Elevate Branding with a Custom Color Palette

Your brand is the first impression that people will have of your company, and like it or not, it’s going to get judged. In fact, according the the Institute for Color Research, people form an opinion about your content in less than 90 seconds, and up to 90% of that judgement is influenced by brand color palette. Creating a stellar first impression is KEY no matter what stage of business you are in, and creating a color scheme for your brand shouldn’t be taken lightly.

Brand recognition is crucial for a successful company, and color is one of the easiest ways to implement consistency across all of your visual media. Blogger Neil Patel lends further proof of the importance of color, divulging that color increases brand recognition by up to 80%! Truly excellent branding should be so dialed in and consistent, that your customer’s could look at your web or print collateral without your logo or business name present and still know and recognize your brand.

Creating a brand color scheme is vital, however developing a great color palette isn’t as easy as it may seem. Many people are quick to just throw together some colors they like or think look good together and roll with it. Unfortunately, they may later find that their color palette doesn’t resonate with their audience and/or is ineffective at creating compelling visuals. This may seem overwhelming, but developing a color strategy up front will make developing the rest of your branding and visuals a breeze.

Display Your Company’s Values Through Color

As we wrote in a previous post, branding is all about creating an emotional tie with your customer. There is little that evokes more emotion than color and imagery. Colors each have emotional responses attached to them, and by utilizing color wisely you can convey the tone or personality of your brand instantly. It isn’t enough to just choose colors that you like, or that look cool. Instead, you should choose colors that give people emotional cues about who you are as a company, and what you represent. 

Take a minute to write down a few of your company’s key values, or the primary mood that you want to convey to your audience. Next choose a color that matches that same tone. This color will be the primary or action color for your brand, and will be the dominant color across all of your visual media. 

To help you choose, here is a list of colors and the moods they represent.

psychology of color

There are also specific words associated with colors. In a survey, participants were given a word and told to choose the color they felt represented it best.  

  • Fun: Orange 28%, Yellow 26%, Purple 17%
  • Security: Blue 28%, Black 16%, Green 12%
  • Trust: Blue 34%, White 21%, Green 11%
  • Speed: Red 76%
  • Fear: Red 41%, Black 38%
  • Courage: Purple 29%, Red 28%, Blue 22%
  • High Tech: Black 26%, Grey 23%, Blue 23%
  • High Quality: Black 43%, Blue 20%
  • Reliability: Blue 43%, Black 24%

This is a rather simplistic view of color psychology. It should give you a good idea of what color best represents the feel of your business.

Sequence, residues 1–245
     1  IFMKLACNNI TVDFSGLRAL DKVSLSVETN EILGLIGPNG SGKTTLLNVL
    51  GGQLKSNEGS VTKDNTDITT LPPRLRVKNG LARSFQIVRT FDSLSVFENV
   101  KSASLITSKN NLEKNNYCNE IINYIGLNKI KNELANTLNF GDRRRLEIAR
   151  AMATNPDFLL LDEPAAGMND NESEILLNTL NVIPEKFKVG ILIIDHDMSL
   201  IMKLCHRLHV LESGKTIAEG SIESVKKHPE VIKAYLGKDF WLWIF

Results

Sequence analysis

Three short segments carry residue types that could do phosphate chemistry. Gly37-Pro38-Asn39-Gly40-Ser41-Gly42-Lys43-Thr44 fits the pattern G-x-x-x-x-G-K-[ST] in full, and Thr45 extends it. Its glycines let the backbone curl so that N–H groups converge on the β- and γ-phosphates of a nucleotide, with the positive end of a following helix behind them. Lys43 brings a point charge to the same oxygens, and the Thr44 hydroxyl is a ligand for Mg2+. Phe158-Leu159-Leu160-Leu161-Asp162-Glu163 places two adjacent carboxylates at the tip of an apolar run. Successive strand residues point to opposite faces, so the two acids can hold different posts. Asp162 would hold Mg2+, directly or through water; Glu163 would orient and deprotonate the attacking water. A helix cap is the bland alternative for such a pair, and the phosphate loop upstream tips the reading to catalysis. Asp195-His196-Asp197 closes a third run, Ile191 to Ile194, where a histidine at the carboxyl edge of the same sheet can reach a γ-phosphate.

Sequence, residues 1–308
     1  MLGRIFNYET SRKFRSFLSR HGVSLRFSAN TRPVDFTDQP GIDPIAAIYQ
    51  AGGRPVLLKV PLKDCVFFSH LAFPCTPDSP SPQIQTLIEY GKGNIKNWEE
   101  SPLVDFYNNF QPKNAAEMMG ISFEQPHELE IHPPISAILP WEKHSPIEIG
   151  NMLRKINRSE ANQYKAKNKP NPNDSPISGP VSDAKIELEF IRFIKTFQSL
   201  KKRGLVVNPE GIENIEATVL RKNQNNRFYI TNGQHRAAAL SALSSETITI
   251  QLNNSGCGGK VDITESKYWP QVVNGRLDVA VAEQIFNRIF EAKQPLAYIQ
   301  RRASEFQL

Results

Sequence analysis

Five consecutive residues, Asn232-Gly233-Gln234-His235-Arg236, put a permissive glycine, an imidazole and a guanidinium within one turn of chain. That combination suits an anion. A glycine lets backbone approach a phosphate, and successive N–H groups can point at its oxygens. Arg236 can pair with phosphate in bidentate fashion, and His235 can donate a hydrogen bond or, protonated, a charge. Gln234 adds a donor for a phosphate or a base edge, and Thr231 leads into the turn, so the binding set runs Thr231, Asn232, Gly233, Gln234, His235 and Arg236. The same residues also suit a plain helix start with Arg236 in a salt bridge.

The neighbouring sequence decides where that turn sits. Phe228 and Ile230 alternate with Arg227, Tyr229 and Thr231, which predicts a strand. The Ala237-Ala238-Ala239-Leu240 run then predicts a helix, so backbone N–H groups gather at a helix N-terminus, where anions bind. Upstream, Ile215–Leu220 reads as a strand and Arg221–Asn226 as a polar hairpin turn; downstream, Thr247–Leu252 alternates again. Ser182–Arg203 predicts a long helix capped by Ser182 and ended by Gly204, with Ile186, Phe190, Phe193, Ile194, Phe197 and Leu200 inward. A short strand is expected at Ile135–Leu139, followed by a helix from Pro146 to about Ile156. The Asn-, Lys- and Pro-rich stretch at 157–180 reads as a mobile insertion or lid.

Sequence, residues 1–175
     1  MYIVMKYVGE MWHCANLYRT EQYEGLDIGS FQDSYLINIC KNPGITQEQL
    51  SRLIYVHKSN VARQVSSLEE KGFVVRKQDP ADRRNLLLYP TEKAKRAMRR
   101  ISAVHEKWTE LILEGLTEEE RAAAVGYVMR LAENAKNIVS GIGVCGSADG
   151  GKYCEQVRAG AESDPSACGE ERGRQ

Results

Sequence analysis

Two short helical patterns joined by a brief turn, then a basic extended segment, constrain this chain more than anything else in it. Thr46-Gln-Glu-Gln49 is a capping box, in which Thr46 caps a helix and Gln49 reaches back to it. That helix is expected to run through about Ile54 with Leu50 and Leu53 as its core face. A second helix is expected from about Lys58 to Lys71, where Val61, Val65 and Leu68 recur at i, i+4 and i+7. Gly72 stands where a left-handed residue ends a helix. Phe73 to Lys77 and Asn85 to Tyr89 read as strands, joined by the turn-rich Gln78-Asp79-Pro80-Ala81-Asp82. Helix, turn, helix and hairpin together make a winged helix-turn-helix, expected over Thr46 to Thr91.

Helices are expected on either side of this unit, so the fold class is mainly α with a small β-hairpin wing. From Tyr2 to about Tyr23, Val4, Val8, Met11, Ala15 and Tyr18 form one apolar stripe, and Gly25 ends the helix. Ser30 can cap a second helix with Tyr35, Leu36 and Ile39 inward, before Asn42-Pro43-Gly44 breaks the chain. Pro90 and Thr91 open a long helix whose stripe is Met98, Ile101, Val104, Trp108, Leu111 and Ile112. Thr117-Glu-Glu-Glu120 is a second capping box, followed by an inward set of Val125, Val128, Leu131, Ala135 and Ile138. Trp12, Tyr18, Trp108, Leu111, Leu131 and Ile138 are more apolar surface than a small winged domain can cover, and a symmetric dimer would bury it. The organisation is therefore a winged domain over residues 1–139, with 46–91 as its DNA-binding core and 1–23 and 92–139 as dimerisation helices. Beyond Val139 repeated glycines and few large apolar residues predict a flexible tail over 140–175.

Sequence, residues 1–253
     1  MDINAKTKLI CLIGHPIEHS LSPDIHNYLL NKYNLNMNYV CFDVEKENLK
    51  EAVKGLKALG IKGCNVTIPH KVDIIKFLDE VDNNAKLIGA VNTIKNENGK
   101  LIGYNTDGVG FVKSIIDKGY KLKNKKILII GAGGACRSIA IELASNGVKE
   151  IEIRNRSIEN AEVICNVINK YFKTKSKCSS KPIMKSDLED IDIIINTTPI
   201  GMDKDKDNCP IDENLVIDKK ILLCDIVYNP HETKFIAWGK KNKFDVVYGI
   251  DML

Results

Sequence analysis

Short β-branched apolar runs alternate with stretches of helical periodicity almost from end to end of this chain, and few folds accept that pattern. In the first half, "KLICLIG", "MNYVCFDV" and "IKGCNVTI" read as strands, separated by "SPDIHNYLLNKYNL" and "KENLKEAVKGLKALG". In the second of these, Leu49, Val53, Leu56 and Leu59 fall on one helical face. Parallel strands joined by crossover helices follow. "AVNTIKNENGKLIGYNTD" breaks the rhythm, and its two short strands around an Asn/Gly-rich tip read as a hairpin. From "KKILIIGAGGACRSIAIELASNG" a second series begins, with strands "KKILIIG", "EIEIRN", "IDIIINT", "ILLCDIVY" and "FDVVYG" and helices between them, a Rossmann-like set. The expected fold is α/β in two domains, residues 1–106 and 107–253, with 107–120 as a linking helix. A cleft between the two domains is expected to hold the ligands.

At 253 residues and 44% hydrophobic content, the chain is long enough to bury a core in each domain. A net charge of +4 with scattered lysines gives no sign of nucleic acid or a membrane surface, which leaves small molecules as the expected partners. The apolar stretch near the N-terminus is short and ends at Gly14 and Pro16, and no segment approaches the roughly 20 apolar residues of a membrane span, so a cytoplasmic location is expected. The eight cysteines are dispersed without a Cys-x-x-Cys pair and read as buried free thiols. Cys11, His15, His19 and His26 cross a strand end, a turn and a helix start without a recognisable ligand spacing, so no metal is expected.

Understanding Color Theory

Once you have chosen using the guide above, you can begin to develop a full color palette. While we won’t get into every nitty-gritty detail of color theory, there are a few basic principles that will ensure your colors work well together.

mono color palette

Monochromatic palettes consist of several shades, hues, tones and tints of the same color. When done well these types of palettes can be extremely effective, however they can also leave design looking flat and lifeless.


Analogous schemes  are groups of three or more colors that are next to each other on the color wheel. These palettes tend to be extremely versatile because the three colors will share similar qualities, which makes it easy to convey tone.


Complementary palettes are made up of colors that are on opposite sides of the color wheel. As the name implies tend to be incredibly complementary. You can use the exact colors on the wheel, or times or shades of those two colors.


Split complementary palettes are similar to complementary palettes. But instead of using the color exactly opposite, you choose the colors on either side of the color that is opposite your main hue


Triadic palettes use colors that are evenly spaced around the color wheel. These palettes provide excellent punch and contrast. But can be too much for certain brands as they can get busy quickly.

Creating Your Color Palette

Using the color theory guides above is a great starting point, but there are a few other things to consider.

Primary vs. Secondary Palette

Keep your primary palette simple, utilizing around 3 primary colors for most of your brand. This keeps things clean and professional. It allows you to call attention to your key points or call to actions without being distracting.

Build out a secondary palette of complementing colors for when you need a little more. These colors are great for complex illustrations or accent colors.

Don’t Forget Neutrals

Neutrals include black, grey, whites, and creams. No, these colors aren’t particularly exciting, but the are critical for grounding your design.

Tools and Resources

There are some great tools out there for helping non-designers create color palettes.

coolors.co is one of my favorites and allows you to generate and export color palettes

colourlovers.com lets you build palettes and search popular palettes based on industry

These are the basic guidelines for developing an effective brand color strategy! If you need some guidance, hiring a brand designer. It is an excellent idea as they are well versed in all of the ins and outs of color theory. You’ll be able to elevate your brand and color strategy to truly resonate with your company and customers.